Thursday, February 19, 2015

Review: The Italians by John Hooper

A vivid and surprising portrait of the Italian people from an admired foreign correspondent 

How can a nation that spawned the Renaissance have produced the Mafia? How could people concerned with bella figura (keeping up appearances) have elected Silvio Berlusconi as their leader—not once, but three times? Sublime and maddening, fascinating yet baffling, Italy is a country of seemingly unsolvable riddles. 

John Hooper’s entertaining and perceptive new book is the ideal companion for anyone seeking to understand contemporary Italy and the unique character of the Italians. Digging deep into their history, culture, and religion, Hooper offers keys to understanding everything from their bewildering politics to their love of life and beauty. Looking at the facts that lie behind the stereotypes, he sheds new light on many aspects of Italian life: football and Freemasonry, sex, symbolism, and the reason why Italian has twelve words for a coat hanger, yet none for a hangover. 

Even readers who think they know Italy well will be surprised, challenged, and delighted by The Italians.

Received for review.

It's very rare to find a nonfiction book that is not only interesting and educational but truly a joy to read and the author has accomplished that with this gem.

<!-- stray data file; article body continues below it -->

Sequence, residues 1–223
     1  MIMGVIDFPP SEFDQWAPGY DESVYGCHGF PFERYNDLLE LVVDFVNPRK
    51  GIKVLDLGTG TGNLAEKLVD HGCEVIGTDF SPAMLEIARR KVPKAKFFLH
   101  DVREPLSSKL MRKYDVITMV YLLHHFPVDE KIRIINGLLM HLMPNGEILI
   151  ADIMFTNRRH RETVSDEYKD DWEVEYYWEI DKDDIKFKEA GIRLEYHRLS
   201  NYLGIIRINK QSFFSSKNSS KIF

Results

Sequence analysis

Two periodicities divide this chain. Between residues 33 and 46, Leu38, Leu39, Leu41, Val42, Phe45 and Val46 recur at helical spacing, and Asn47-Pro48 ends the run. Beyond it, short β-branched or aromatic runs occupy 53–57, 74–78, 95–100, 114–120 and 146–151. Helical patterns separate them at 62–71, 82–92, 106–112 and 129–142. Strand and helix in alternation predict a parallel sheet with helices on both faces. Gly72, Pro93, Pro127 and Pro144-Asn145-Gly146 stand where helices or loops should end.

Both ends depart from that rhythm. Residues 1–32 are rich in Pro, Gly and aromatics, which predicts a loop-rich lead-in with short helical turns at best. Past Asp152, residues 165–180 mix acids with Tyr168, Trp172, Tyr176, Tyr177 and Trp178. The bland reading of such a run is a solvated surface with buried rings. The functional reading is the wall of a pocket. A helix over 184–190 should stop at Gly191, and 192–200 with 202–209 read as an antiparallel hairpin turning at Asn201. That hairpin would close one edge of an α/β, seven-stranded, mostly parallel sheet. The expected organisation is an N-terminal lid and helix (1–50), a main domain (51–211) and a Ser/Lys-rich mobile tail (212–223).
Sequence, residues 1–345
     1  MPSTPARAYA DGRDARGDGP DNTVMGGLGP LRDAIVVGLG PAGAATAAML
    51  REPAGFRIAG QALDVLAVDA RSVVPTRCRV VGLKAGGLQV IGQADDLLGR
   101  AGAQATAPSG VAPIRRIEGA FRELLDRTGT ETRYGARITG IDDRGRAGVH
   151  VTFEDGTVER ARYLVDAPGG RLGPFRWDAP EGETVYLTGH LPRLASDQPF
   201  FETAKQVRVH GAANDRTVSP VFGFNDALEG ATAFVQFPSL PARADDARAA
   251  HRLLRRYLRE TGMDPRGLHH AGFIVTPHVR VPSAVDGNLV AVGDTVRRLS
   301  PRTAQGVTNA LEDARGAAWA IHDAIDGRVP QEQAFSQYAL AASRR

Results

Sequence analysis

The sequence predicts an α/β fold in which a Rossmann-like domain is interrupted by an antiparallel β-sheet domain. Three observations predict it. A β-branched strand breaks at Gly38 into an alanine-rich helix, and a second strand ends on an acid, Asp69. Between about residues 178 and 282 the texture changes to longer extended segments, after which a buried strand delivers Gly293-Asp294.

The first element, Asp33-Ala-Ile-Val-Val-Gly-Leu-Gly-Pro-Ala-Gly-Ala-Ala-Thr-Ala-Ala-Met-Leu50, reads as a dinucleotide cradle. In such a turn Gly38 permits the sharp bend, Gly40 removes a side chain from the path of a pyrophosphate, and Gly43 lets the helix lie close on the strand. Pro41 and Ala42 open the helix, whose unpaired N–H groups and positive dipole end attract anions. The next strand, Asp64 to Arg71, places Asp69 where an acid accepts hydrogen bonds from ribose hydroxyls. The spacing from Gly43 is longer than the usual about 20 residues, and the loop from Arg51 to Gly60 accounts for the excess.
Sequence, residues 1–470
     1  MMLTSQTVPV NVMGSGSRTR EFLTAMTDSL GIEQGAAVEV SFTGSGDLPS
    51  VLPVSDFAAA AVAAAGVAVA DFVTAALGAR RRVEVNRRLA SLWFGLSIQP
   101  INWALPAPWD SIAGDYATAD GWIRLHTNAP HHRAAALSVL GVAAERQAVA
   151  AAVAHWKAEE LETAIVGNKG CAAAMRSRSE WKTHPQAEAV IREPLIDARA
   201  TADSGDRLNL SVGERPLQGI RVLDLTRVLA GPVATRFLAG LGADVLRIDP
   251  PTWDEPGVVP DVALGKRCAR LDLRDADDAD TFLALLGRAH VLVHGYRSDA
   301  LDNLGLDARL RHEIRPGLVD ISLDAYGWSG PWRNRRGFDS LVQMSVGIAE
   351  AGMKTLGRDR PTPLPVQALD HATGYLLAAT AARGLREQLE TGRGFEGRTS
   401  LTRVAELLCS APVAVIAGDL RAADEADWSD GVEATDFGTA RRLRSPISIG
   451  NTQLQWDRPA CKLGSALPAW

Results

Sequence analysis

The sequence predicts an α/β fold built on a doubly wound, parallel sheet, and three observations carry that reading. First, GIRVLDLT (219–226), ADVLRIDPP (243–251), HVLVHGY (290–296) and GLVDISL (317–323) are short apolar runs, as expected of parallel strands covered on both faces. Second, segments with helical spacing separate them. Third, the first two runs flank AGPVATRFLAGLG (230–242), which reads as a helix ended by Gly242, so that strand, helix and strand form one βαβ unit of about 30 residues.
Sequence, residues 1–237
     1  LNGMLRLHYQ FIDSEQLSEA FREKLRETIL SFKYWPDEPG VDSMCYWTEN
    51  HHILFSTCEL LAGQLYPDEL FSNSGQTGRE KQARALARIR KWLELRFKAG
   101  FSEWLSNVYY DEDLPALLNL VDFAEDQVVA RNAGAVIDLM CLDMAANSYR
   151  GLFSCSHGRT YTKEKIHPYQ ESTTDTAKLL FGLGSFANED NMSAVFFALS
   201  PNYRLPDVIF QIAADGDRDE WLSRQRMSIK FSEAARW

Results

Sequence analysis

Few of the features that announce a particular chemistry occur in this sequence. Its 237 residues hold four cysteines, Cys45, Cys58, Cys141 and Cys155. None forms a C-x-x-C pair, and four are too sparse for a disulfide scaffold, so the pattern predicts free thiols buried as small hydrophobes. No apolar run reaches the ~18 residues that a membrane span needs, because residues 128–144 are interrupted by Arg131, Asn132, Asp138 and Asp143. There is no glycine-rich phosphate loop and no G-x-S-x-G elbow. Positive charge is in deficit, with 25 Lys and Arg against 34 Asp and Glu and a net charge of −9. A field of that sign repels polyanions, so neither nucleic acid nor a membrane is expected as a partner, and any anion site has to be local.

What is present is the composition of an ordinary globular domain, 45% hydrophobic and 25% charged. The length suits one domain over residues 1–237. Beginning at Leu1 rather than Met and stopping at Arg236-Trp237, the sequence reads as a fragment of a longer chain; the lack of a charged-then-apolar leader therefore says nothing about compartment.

This covers everything from sex, image, and food to religion and politics and does it beautifully.  The author clearly loves the country and its people and writes about them in such a tenderhearted way that this is a joy to read.  

There are so many wonderful parts that I simply cannot list them all, but I particularly loved that section that discussed how Italians were mortified by a political candidate's wearing short sleeves under a suit coat.  Or detailing the fashion choices of various candidates's wives.  I was a bit amused until I realized that it really is bizarre to see a man's naked wrist sticking out from a dark suit coat, and that even Americans like me are fascinated by what the Duchess of Cambridge (aka Kate Middleton) is wearing.  There was also a discussion about presenting gifts and how no matter the cost it should be wrapped beautifully.  It's all part of the experience.

The section on the role of the Catholic Church in Italy was also quite fascinating.  The Church permeates the entire culture and influences so many daily choices that it can be quite startling for those outside the environment.

Overall this was a fascinating book for those who want to learn more about the Italian people and what motivates them.  It's a wonderful, beautifully written read and I highly, highly recommend it.

★★★★★ = Loved It

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